Finance department:

Finance department

The Costs of Starting a New Company:

When a club starts up for the first time or launches a new product it has to work out
carefully the costs involved. It also has to look at the money it will receive from our sale of
the new product. The club will then be in a position to decide whether or not to go ahead
and this will depend on whether it can cover its costs.
A club starting up for the first time or launching a new product will need to plan what
resources we needs, e.g. new staff, new premises, new till machine and all these involve an
added cost for the business.
Some costs are off start-up costs e.g. premises and machinery.
Some costs are day to day running costs e.g. wages, advertising, and rent.

Starts up costs

When starting a club for the first time, or when it expands, I need to plan what will need to get going
first for example.
Premises we can rent the premise, which is cheaper in the short term.
Machinery and Equipment the business may need machinery, such as computers, photocopiers, and
delivery vans. Also we can rent if we don’t have the cars.
Market research and advertising, time and money can be spent in market research finding out the
questionnaires and interviews whether the new business idea will sell. People will need to be hired to
do this if necessary and this will cost money. Any new product will also need effective promotion and
advertising, which can be expensive.

Running costs for the new business

The start-up costs we have just looked at, there will be a wide variety of running costs that a new or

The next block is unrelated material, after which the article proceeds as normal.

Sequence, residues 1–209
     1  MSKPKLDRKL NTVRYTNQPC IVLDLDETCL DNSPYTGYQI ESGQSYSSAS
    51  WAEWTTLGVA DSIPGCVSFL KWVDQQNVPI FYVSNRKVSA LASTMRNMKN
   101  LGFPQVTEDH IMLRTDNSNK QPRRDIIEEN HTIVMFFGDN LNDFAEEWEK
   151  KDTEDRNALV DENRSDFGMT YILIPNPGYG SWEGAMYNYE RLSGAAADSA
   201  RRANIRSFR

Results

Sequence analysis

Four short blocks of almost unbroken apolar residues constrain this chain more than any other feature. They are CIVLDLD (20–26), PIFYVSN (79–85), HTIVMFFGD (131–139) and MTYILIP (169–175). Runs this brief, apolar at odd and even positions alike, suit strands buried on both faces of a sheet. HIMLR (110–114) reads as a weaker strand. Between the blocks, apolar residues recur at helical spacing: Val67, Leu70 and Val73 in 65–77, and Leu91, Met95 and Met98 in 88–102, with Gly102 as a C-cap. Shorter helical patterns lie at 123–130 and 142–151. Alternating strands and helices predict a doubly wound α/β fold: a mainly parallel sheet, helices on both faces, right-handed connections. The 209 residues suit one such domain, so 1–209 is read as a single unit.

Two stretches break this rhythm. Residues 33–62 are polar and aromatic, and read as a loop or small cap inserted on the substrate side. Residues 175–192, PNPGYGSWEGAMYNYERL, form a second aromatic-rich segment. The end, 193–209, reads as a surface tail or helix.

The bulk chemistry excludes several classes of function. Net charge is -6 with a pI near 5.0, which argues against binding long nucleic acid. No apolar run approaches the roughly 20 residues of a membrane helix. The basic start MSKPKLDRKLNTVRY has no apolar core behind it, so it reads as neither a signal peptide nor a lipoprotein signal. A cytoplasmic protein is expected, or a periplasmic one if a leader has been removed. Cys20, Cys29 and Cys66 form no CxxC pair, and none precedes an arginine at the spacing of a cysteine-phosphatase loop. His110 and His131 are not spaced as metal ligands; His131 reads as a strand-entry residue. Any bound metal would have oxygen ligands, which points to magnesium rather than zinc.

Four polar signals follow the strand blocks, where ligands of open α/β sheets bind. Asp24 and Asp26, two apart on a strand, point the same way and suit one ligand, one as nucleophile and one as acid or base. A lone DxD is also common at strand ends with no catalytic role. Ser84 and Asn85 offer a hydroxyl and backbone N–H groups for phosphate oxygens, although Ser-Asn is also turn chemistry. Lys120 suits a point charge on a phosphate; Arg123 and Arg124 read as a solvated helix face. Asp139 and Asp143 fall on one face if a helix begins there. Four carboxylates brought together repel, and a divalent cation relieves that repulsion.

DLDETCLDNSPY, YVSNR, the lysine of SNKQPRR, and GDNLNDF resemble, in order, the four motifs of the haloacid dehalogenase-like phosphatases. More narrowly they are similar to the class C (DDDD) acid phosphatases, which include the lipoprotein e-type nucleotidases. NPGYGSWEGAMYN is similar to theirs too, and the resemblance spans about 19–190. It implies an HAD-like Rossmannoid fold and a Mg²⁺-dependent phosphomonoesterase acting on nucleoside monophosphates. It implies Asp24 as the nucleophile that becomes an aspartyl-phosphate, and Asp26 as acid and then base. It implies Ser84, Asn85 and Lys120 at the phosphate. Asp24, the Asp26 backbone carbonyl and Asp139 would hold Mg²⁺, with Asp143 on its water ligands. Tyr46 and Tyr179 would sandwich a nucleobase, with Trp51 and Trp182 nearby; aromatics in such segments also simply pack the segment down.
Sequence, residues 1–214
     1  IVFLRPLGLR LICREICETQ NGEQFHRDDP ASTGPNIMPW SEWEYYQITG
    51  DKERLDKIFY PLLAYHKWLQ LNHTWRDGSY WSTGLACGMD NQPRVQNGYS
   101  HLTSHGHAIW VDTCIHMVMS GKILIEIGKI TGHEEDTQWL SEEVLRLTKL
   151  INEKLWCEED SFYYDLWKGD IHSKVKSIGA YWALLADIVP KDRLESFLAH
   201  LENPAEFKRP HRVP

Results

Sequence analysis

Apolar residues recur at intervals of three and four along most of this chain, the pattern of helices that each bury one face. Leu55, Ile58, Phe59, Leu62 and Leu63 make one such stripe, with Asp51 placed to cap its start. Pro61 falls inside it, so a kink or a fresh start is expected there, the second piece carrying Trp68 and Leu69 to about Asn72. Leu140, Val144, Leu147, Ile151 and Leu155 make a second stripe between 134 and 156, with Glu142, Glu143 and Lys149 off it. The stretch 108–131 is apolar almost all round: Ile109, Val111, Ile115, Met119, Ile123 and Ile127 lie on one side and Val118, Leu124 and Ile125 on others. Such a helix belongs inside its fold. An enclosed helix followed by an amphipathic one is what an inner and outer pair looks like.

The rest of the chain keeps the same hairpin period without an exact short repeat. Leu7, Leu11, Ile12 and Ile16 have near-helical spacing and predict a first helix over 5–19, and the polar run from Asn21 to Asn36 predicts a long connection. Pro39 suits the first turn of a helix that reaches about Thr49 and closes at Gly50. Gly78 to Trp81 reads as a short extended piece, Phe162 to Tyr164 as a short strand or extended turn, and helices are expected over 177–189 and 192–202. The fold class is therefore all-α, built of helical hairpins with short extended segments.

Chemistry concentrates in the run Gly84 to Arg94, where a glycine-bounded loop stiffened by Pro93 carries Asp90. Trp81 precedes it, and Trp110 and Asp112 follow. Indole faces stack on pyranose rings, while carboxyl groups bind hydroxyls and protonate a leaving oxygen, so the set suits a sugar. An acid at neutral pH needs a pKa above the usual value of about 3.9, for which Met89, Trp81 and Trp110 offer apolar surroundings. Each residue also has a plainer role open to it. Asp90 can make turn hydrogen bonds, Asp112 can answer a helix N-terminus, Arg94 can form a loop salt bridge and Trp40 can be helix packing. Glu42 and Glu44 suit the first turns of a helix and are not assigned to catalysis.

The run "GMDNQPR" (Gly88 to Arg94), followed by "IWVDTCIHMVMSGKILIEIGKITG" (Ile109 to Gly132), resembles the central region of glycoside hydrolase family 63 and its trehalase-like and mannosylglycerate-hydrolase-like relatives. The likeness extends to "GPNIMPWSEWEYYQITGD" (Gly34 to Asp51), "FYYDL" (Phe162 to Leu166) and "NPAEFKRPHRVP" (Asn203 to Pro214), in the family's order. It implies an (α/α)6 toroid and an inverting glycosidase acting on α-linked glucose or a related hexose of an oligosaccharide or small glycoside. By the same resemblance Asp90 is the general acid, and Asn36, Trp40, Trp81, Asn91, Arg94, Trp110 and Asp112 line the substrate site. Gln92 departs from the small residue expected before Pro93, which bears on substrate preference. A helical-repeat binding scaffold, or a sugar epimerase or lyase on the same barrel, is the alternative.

an expanding our club business that we need to think about.
It is important to know the difference between running costs and start-up costs. For example if you
think of buying a new radio. The start-up costs are the price of the machine; the running costs are
items like batteries, which you buy from time to time to keep it playing. Running costs in a business
are normally estimated for the period of a year.

Types of running cost

Running costs for each of these areas Production goods bought by a shop to sell to our customers, air
fares and hotel charges for travel and food for restaurants.
Sales and marketing, make sure that the right products reach the right customers in the best possible
way, advertising, getting customer feedback, providing customer care.
Human resources, the cost of employing staff, e.g. wages, recruitment costs, staff perks, training,
Health and safety (making sure people are safe at work).
The finance cost of running a club, paying interest to the bank if money is borrowed, bank charges,
paying accountants fee.
Administration, The day to day costs of running the club insurance, rent, rates, power, stationary,
telephone bills and postage etc.
                        THE DESCRIPTION OF BUSINESS

               PRODUCTION OR    SALES &              HUMAN
                                MARKETING            RESOURCES          FINANCE          ADMINISTRATION

                    $                 $                   $                $                 $